Are you considering debt consolidation without debt review or debt counseling? Let’s be clear: Debt consolidation without debt review is like jumping overboard without a life jacket. You might be able to swim to shore, but chances are you’ll drown.
Obviously, you want to avoid that. So know that debt counseling is the lifeboat that can bring you to a safe port in the storm. The importance of these two elements of debt management should not be underestimated. In this article, we’ll explain why.
Deciding to Deal with Your Debt
Applying for a debt consolidation loan or balance transfer credit card is a decision that should not be made without first doing some homework.
The “debt review” portion of this process can involve getting a handle on exactly how much you owe and to whom. “Debt counseling” is asking for help from someone with experience managing debt.
Another way to look at this is to treat your debt review as an orientation class and debt counseling as the school’s guidance office. They’re both tools to help you get a firmer grasp on your personal finances. The review is mandatory just to get started. Counseling is available if you feel you need it.
Begin with a Debt Review to Establish a Baseline
Consolidating credit card debt is an exercise that can save money and make paying off debt more manageable. That can also go a long way toward reducing your money stress. To be more specific, you’ll need to know how much your debt currently costs you and whether a debt consolidation loan will be cheaper to maintain. The first part of your debt review should provide you with the numbers. You’ll gather your current balances and APR (annual percentage rates) on your credit cards, student loans, car loans, and other lines of credit. It’s also helpful to note your minimum monthly payments as well.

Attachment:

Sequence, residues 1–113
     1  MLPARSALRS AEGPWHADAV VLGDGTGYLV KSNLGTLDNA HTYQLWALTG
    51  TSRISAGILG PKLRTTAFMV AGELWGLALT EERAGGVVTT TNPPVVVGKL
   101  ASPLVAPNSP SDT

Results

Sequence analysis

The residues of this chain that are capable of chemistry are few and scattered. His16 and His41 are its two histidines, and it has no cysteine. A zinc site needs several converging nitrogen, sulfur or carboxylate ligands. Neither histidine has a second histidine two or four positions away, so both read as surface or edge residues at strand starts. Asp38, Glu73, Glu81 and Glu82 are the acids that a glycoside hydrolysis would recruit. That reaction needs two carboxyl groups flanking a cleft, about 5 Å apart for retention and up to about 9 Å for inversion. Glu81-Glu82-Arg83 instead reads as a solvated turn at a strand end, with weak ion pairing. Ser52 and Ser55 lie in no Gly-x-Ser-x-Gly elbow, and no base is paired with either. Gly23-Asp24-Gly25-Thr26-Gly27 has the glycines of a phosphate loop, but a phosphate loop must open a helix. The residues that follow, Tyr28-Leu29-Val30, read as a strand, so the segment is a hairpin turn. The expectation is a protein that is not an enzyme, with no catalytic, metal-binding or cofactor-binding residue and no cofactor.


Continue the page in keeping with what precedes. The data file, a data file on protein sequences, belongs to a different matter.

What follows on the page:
A critical element in this exercise is determining the cost of debt for each of your accounts, not just the balance. Credit card companies charge variable interest rates on unpaid balances. They also charge fees which may be included in your monthly APR. Those are all part of your cost of debt. Figure out what that is, and then (and only then) will you be ready do the math to see if debt consolidation will save you money. Online calculators can help you compare and contrast, but before moving onto that, get a fuller picture of financial standing.
As you are doing this debt review, take a holistic look at your finances. List all your expenses, and get a handle on how your after-tax income goes towards spending, debt, and savings. In terms of non-essential spending, you might find ways to open up wiggle room in your budget so you have more funds to pay down debt. That could mean eliminating expensive cable TV channels, eating out less often, and buying generic brands when shopping.
Or perhaps you’ll see that your expenses are so steep, you might want to consider taking in a roommate or moving to a less pricey neighborhood. This kind of research on your finances can help you understand how the debt accrued in the first place and help you work towards better financial health. Skipping this step is debt consolidation without debt review. Your expenses count in the equation, so get familiar with them.
Consequences of Debt Consolidation Without Debt Review